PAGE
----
Ever wanted to be a writer? Retired and thinking of new ways to earn money? Published author, Karen Turner, shares her experiences, navigating the unpredictable but satisfying world of professional writing.
They say everyone has a story to tell – but can you make a living from writing? Truth is, it’s very difficult to live solely on royalties from book sales. Some people do, but for mere mortals whose names are not J.K. Rowling, let’s start with some real figures:
My books, Torn and Inviolate, retail for $24.95. I receive roughly $8.00 per sale, after the publisher, retailer, distributer et-al take their respective shares.
From my $8.00, I pay income tax and superannuation.
There are online sales too. eBooks retail for less, meaning my royalty is lower.
Question: What’s the quickest way to upset a writer?
Answer: Tell her you loved her book so much you lent it to your friend. Arrrgh! If you love the book so much buy it for your friend!
As a fiction writer, I make a good living writing non-fiction. Here are a few ways to do this:
Become a technical writer: large organisations regularly pay good writers to draft technical or business documents.
Write a business book: perfect if you have an area of expertise.
Blogging: writers post articles about any topic you can shake a pencil at: travel, food, sport, etc. Some writers even blog about writing – ahem. Bloggers earn money by selling advertising space or reviewing products and services.
Retired people or those not reliant on regular income often write their memoirs or family chronicle. Others undertake to record their town or suburb’s local history. These can be rewarding, but generally not profitable.
Just remember: if you’re earning money the tax office needs to know. I run this as a business so I have to manage its affairs, e.g. invoicing clients, lodging tax returns, completing BAS, etc. Even authors need to seek good financial advice. A book can take years from the initial draft to publication so planning ahead is imperative.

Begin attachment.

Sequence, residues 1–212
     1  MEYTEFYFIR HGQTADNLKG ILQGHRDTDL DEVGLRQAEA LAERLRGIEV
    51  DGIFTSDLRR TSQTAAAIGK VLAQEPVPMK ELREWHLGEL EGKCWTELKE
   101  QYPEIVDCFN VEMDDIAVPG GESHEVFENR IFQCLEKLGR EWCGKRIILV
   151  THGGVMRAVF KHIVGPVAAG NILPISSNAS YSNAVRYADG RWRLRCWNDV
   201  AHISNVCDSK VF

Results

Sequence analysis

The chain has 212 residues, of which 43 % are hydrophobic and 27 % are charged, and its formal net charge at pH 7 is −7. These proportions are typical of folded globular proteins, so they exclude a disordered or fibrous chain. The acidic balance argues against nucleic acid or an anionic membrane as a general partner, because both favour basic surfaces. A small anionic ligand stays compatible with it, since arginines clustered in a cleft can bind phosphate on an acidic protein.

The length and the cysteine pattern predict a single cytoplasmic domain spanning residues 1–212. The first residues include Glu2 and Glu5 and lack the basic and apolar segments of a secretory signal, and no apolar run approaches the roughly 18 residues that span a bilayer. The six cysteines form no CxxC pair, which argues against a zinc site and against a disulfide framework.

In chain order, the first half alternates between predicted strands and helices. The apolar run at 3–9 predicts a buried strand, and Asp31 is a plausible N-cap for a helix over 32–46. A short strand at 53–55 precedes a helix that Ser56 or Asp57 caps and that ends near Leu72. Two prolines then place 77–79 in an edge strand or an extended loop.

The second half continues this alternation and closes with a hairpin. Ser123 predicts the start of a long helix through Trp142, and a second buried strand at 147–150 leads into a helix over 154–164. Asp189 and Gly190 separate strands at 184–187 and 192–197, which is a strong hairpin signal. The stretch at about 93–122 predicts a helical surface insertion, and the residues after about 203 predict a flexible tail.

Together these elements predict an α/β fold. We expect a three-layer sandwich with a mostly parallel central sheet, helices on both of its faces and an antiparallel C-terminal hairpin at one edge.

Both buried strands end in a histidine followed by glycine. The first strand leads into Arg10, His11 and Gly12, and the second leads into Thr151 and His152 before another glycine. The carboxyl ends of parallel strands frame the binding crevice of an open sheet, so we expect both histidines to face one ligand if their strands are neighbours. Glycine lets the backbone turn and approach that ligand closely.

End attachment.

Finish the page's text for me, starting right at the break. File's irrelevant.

I am often asked about how to get published.
Traditional – pitching to publishers/agents can be incredibly demoralising. Rejection will become your middle name – accept it! Even J.K. Rowling was regularly rejected; persistence is the key. If you are offered a contract, don’t rush into signing without fully understanding the implications. Bodies like the Australian Society of Authors provide contractual advice.
Independent – Self-publishing can be expensive – eBooks, less so – but Indie publishing allows you complete control. Do your readers a favour though: have your manuscript professionally edited. Even great writers make errors!
Ready to go? Even if you’re a good writer, you can’t go wrong by doing a course. Stick to better-known institutions like your local TAFE, or check out the Australian Writers’ Centre website, www.writerscentre.com.au.
The best advice I can offer is: start. Once you’re into it, stopping will be the hard part!
Writing may not the most lucrative career, but it’s one of the most satisfying – I love my job!
This article has been written by Australian author Karen Turner. Karen’s books, Torn and Inviolate are available from online bookshops and your favourite downloadable eBook site. She is currently writing the third (and final) book in the series.
See Karen’s website for further details of where to buy her books www.karenturner.com.au and receive a free chapter sample of Torn.